Tom Masters: Hiring the right employee for your plumbing business
Good help is hard to find, but these tips can help you reel in the best job candidates.
When you’re searching for a new, skilled employee, it’s easy to think you might never find the right candidate.
We assume that all the good ones are taken, but the truth is the market is filled with qualified people with all the skills, knowledge and determination you’re looking for. The hard part is finding and recruiting them.
Plumbing is a highly skilled profession that involves direct and frequent contact with customers and clients, so finding the right candidate is important for both your projects and your bottom line. With the right resources and a few new ways of recruiting, we hope to help you find that person.
Determine your needs
Finding the right person for the job means figuring out what the job is in the first place. Do you need an experienced candidate, or will someone new to the trade work? Will this person be doing general tasks, or will they be responsible for managing projects or supervising a crew?
What type of availability do you need from them? Weekends? Nights? Holidays?
All of these are important factors to consider before you start advertising and recruiting.
Go on the hunt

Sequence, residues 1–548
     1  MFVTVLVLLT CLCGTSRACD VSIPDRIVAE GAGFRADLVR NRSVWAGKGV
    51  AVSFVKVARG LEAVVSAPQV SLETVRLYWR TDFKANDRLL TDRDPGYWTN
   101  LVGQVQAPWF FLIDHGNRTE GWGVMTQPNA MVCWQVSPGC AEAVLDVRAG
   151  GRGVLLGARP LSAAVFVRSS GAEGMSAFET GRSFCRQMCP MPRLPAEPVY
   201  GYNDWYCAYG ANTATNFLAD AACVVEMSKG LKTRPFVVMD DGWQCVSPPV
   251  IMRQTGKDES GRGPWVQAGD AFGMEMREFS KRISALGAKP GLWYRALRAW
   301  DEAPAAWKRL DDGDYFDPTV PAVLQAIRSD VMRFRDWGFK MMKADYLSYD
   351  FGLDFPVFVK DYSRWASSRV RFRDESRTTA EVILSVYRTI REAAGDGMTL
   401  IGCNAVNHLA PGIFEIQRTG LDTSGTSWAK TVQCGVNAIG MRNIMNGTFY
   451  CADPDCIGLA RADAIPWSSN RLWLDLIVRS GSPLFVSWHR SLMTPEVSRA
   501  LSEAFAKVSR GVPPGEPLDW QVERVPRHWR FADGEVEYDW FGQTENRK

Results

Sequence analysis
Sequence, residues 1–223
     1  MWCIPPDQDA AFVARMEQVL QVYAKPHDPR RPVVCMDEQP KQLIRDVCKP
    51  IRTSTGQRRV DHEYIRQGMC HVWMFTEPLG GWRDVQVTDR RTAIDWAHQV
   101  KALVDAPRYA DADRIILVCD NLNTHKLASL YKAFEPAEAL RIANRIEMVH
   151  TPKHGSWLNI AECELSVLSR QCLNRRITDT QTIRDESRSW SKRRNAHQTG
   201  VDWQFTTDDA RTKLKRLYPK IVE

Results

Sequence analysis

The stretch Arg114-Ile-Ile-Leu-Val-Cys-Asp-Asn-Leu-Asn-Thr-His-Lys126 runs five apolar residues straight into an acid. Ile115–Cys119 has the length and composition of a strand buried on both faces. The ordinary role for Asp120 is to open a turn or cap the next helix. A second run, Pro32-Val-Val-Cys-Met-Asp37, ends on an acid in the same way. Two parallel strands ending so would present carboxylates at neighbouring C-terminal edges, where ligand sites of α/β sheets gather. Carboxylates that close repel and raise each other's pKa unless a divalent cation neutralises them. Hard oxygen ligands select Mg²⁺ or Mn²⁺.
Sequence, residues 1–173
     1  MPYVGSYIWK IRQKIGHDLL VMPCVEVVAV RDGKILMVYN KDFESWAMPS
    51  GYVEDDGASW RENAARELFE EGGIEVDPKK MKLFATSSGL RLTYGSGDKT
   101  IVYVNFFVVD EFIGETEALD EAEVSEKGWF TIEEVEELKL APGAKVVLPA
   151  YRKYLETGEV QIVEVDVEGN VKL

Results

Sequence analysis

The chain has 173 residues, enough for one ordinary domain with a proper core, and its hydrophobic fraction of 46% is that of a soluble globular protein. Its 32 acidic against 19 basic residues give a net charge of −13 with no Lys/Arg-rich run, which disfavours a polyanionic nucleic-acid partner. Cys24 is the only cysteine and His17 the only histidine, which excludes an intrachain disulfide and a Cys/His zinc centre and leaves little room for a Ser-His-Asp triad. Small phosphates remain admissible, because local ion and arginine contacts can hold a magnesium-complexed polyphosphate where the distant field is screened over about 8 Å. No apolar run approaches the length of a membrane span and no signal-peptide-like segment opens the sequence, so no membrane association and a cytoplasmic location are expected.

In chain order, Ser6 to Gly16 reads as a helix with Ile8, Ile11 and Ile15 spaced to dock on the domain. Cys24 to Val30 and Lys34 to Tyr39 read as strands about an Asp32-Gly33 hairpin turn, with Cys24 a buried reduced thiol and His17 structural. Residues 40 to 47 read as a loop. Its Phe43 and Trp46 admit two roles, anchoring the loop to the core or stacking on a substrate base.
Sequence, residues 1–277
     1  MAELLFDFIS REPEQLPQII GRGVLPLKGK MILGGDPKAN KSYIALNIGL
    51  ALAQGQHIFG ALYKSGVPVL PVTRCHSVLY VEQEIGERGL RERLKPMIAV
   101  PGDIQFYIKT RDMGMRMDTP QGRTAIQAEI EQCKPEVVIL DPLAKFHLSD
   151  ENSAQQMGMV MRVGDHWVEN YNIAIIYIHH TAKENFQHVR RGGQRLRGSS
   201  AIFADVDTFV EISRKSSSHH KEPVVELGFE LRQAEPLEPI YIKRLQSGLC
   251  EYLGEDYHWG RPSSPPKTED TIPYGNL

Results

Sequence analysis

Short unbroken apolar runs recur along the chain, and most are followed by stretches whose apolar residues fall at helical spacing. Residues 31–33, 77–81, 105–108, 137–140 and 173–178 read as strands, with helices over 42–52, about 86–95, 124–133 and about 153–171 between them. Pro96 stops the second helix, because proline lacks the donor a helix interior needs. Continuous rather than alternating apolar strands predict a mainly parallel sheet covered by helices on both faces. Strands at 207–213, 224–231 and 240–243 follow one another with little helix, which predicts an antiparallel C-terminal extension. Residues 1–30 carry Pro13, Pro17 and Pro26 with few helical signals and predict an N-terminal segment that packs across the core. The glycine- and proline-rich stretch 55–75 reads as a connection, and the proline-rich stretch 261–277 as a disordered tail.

Once you’ve figured out what type of person you’re looking for, you can start advertising the position. There are a multitude of options available for this; some are free, and some require a subscription or fee.
Craigslist and Facebook both have job opportunity sections that are free to post to. These platforms reach a wide range of job seekers and can be a great resource to reach out into the community. Share the posting on your social media pages and ask friends and family to share it. This compound effect reaches thousands almost overnight.
However, these free platforms don’t allow employers to vet the applicants or provide an outside application process. For those resources, turn to a website such as Indeed.com. Paid job posting sites funnel applications directly to your inbox, allowing you to quickly view their qualifications and résumé and reach out to them on a secure platform.
There are also more antiquated methods of posting jobs, such as the newspaper, chamber of commerce and job posting boards in local hot spots. While they are time-tested, these methods of advertising don’t get the same traffic as before and have fallen by the wayside with the younger generations.
Establish an application protocol
Instead of interviewing candidates one by one as they apply, establish a closing period for applications; then, after reviewing all of them, establish a pool of applicants.
Set up interviews on one day and spend that day going through your applicants. This allows you to have all of them fresh in your memory so you can compare them side by side.
The way businesses interview candidates seems to be as different as the applicants are themselves. Some take a formal approach while others just have a chit chat while they are squeezing in lunch. Usually we’d say “to each their own,” but the interview is prob-
ably the most important part of the hiring process.
The time you take with the candidates here is what separates them from each other and brings their paper personality to life. Here, you’ll be able to get a feel for them, question them, get to know them, and truly get a sense of who they are and if they’ll be a good fit.